Playerbook Facial Recognition System launch will take place at IFSEC 2011 Leading CCTV storage systems manufacturer, Visimetrics (UK) Ltd, will be launching their new Playerbook™ facial recognition system at IFSEC 2011. Playerbook has been developed to operate reliably in the lighting conditions normally found in casino environments. Powered by Omniperception's facial recognition engine, the new application is the result of a 2 year development process between the companies.Gary James, Business Development Director of Visimetrics says "The background to the development of Playerbook originated from many of our casino clients who indicated that a form of non-intrusive, reliable subject identification would be of significant benefit to them in dealing with the public. Casinos have a vested interest, for compliance and commercial reasons, in identifying certain types of visitors on entry to the venue. We knew from our experience of digital CCTV systems that the various forms of lighting within casinos create shadowing, reflection and glare. These effects have a significant impact on the reliability of facial recognition. We knew we needed to find another approach to solving the problem and identified the unique facial recognition process Omniperception developed as the core engine most likely to meet the consistency and reliability needed in casinos."Gary continues "At the heart of the system is a subject watchlist that allows security and surveillance staff to automatically detect self-excluders, barred/crime & disorder subjects, advise on entry subjects, VIP's and more. Playerbook operates in real time, providing reliable and consistent identification. The critical challenge was to develop a system, which reliably detects faces in the low or zero light conditions you find in casinos. We believe we have achieved this successfully. Playerbook works by locating the 500-600 unique facial identifiers of individuals as they pass the IR sensor. Using a unique illumination and polarisation filter system, Playerbook is able to consistently compare the detected facial identifiers with subjects already stored within the watchlist regardless of shadows, glare or reflection. The watchlist search is completed instantly. When there's a match between a subject entering the venue and the watchlist, Playerbook alerts staff immediately via the GUI, SMS or email. Playerbook has been successfully proven using ground-truth validation testing within one of the largest casinos in the UK. The invaluable input from the management and staff was critical to the development and refining process to achieve a reliable solution within such a difficult operating environment." "Playerbook operates in real time, providing reliable and consistent identification. The critical challenge was to develop a system, which reliably detects faces in the low or zero light conditions you find in casinos. We believe we have achieved this successfully..."Playerbook @ a glance: Light immune - uses a unique lighting solution designed to work in dark environment Fast - captures facial identifiers and compares these against a 'watchlist' in real timeAccurate - Playerbook is powered by Omniperception's facial recognition engineConvenient - Playerbook's non-intrusive IR sensor identifies subjects to a range of 5 metresEasy to use - simple workflow using browser based app to add individuals to watchlist Playerbook will be demonstrated at the Intelligent Integration Zone on Stand E140 in Hall 4.If you would like to arrange an appointment for a demonstration in advance of the show, please contact Gary James on e-mail or on tel: 01292 673 770.Playerbook captures facial identifiers and compares these against a 'watchlist' in real time.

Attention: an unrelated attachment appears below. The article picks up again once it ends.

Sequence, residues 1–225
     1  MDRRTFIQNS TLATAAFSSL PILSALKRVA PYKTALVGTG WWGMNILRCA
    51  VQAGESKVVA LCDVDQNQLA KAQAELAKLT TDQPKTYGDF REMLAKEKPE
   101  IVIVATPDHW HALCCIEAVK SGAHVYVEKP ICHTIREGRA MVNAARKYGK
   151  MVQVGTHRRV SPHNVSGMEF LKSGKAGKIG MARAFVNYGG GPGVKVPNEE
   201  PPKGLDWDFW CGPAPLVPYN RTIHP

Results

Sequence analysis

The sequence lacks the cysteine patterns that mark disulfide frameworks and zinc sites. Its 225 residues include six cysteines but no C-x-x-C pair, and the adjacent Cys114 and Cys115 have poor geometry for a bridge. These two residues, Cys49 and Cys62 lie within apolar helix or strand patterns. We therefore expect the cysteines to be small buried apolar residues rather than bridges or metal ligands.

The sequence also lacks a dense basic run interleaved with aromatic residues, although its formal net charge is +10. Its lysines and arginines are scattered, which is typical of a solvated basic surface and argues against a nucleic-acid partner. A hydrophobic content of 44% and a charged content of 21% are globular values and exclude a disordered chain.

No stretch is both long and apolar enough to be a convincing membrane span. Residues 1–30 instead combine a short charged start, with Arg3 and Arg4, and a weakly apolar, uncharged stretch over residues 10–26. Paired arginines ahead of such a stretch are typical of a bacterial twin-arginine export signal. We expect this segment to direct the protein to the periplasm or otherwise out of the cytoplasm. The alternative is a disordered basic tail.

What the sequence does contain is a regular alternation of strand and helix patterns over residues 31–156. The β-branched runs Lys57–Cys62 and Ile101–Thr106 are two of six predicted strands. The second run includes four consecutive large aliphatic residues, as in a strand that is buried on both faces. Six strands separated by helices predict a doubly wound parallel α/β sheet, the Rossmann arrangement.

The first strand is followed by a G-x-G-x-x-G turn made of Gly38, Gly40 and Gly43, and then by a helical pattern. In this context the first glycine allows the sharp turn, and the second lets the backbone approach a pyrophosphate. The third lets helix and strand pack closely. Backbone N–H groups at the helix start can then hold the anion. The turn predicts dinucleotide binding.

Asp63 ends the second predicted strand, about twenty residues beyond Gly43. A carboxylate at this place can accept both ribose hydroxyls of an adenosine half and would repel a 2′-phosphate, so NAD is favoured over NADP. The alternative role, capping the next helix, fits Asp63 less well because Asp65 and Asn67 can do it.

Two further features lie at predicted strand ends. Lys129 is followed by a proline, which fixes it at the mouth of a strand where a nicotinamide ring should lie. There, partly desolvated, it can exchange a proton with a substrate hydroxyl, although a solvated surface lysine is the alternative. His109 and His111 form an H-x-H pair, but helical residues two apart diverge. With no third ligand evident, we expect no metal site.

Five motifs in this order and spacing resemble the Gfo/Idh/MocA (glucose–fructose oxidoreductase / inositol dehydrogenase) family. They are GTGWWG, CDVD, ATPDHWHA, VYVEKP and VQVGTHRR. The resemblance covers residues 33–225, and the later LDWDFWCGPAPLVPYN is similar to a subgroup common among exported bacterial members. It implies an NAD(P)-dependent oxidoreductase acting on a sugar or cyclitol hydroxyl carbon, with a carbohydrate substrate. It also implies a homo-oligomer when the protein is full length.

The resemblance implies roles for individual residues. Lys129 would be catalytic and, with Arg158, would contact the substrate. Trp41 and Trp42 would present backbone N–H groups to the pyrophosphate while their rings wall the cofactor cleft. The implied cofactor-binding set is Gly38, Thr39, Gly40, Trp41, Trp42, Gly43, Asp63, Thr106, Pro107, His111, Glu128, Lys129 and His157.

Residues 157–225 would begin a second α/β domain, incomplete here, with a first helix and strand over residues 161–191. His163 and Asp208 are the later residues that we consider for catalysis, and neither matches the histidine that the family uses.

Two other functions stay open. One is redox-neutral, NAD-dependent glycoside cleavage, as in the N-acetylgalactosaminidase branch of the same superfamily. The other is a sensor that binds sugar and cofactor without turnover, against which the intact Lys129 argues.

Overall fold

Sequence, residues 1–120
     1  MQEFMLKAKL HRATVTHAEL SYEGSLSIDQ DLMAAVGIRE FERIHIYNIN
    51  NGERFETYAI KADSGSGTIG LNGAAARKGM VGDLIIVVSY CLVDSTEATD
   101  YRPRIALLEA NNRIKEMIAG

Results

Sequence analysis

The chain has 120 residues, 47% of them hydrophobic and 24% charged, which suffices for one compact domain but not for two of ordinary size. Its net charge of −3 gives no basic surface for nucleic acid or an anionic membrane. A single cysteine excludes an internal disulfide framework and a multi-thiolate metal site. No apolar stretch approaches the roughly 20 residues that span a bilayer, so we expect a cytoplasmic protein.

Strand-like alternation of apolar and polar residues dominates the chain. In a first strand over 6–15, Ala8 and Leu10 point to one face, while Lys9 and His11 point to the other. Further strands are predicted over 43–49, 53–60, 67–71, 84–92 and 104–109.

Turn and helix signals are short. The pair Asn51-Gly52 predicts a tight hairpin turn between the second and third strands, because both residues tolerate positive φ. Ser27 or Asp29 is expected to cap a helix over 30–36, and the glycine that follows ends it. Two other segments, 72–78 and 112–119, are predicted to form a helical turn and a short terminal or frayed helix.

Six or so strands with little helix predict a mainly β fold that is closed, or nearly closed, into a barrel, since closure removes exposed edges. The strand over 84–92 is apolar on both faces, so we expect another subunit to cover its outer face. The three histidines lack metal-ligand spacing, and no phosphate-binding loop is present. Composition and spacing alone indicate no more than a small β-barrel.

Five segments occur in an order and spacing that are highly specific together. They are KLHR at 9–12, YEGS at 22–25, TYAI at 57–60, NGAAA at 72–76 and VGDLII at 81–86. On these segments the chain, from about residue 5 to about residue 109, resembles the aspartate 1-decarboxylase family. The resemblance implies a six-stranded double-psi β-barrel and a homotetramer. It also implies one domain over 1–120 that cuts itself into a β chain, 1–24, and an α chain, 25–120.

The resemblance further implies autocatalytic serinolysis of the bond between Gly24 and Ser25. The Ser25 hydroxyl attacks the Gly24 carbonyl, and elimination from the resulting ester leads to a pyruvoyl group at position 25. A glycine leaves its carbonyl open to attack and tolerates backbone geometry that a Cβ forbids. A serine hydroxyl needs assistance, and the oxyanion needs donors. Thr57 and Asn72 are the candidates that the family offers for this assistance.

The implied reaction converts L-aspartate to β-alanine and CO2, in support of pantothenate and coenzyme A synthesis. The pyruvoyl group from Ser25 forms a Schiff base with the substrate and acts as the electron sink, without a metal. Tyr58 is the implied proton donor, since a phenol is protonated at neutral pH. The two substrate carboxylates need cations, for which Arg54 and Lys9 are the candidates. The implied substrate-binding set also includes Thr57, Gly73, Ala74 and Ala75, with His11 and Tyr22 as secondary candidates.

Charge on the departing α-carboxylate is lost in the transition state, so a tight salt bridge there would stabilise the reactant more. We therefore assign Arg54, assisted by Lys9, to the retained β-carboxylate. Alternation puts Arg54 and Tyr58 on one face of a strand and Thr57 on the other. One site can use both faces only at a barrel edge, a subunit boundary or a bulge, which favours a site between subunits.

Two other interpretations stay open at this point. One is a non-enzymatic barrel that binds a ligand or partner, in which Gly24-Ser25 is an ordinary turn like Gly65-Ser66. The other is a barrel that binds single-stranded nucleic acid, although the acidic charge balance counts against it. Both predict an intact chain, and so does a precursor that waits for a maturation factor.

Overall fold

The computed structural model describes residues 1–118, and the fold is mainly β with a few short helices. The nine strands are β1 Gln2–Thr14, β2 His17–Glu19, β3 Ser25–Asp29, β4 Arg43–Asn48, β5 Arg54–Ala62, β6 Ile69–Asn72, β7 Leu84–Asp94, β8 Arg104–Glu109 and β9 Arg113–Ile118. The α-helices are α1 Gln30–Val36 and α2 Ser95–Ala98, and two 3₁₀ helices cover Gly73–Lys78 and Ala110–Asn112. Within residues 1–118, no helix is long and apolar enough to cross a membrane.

The metadata extracted from the video as it is being recorded is used by FiND for creation of databaseLeading CCTV storage systems manufacturer, Visimetrics (UK) Ltd, will be launching the result of a £1M research and development project at IFSEC this year. FiND will significantly reduce the search time of large periods of CCTV recordings for key points of evidence. The R&D project team includes the DTI's Technology Strategy Board, Loughborough University, PERA and Visimetrics.Craig Howie, Commercial Director of Visimetrics, says, "Following the London bombings in July 2005, the Metropolitan Police Service reviewed over 100,000 hours of CCTV footage as part of their incident investigation. This process consumed a huge amount of operational man hours and significantly increased the amount of time required to progress the investigation. The issues faced by the police in this instance inspired a technical solution to significantly reduce the time, man power resources, (and costs) needed to review large amounts of CCTV recordings while searching for key points of evidence." "FiND - Forensic investigation Network Database - has been developed with the capability of linking to any CCTV recording system to create and index key objects of interest at the time of video capture and storage. The technology works by allowing operators to search via a powerful 'FiND' processing engine that immediately identifies relevant footage. By inputting key parameters, the system will search the database of classified objects and display relevant images using thumbnail identification, ready for review. The speed of response is derived from searching the object data index, rather than the traditional video based 'region of interest' search, using selected areas of a specific camera." "FiND will reduce the search period of days, weeks - or months - worth of digitally recorded video down to a matter of seconds..." FiND emerged from initial research undertaken by Loughborough University evaluating the most technically challenging aspects of using automated video analysis to search large volumes of existing CCTV recordings for key or 'known' objects of interest. Performing complex video analysis on recordings from public space cameras in particular is challenging and the development team had to overcome many limitations affecting image quality. These included camera position, height, skew and shake as well as common issues such as lighting, colour consistency and video interlacing. Resolving these issues is essential in order to perform accurate evaluation to reach a stage where you can analyse the video. Two areas in particular quickly became evident as barriers to progress: colour consistency and lighting/shadowing. The team developed algorithms to overcome these barriers and this dramatically improved the video consistency and the accuracy of results.The stored metadata is negligible in size when compared to standard resolution and frame rate videoGenerating colour and lighting consistency formed the foundation for the research and development of a comprehensive set of algorithms specifically aimed at resolving vehicle classification, people classification, license plate identification using CCTV cameras, text/logo detection, baggage detection, complex background processing and PTZ compensation. A number these algorithms are completely unique.FiND functions by the creation of a database of key objects of information extracted from the video as it is being recorded. This information is normally referred to as metadata and provides the source of results for all future searches. The stored metadata is negligible in size when compared to standard resolution and frame rate video. Thus, storing all key objects of interest from an entire system in this way becomes irrelevant in overall storage terms. The metadata is created in real time by processing the recorded video using the unique algorithms. This process captures all relevant objects within each video scene to give operators a wide range of search criteria for any future investigation.As an example of the scope of search the criteria can be set to 'person wearing red shirt'. Further refinement can be added to achieve 'person wearing red shirt, carrying a back pack at a specific time of day'. Searching in this way then occurs across the entire source of metadata from all cameras. This produces the most comprehensive set of results from entire recording systems using a single step process.In vehicle classification derived attributes take the form of number plates, logos, signage, etc.FiND classifies objects as part of its identification process. Object classification is based upon a hierarchical approach beginning with the determination of either vehicle or person(s). Once a person(s) or vehicle has been classified, further feature determination is performed, right down to very basic attributes such as shape, colour, location relative to the frame, time, characters etc. Basic features are then used to FiND derived attributes such as the presence of a suitcase, backpack etc. when classified as human objects. In vehicle classification; derived attributes take the form of number plates, logos, signage, etc. The derived attributes are stored alongside the basic attributes for use in all future searching.According to Craig Howie, "FiND will reduce the search period of days, weeks - or months - worth of digitally recorded video down to a matter of seconds. The range of search criteria, evidential algorithms and pre-indexed video gives users the means to view the matching images as they work. The speed and accuracy of results makes the running and re-running of searches practical as more off-line information relating to an incident becomes available. There is no need to select individual cameras, 'regions of interest 'or wait for short sections of video to be indexed on-demand before viewing. FiND searches the pre-indexed video across the entire recording system to quickly identify images matching the operators search criteria."FiND is available as an extension to existing recording systems. FiND has also been developed for true portability of the algorithms and metadata creation for use within embedded products such as IP cameras, video encoders or DVR/NVRs. FiND is also available with a software interface providing the means to integrate the search tool with legacy or third party applications and systems.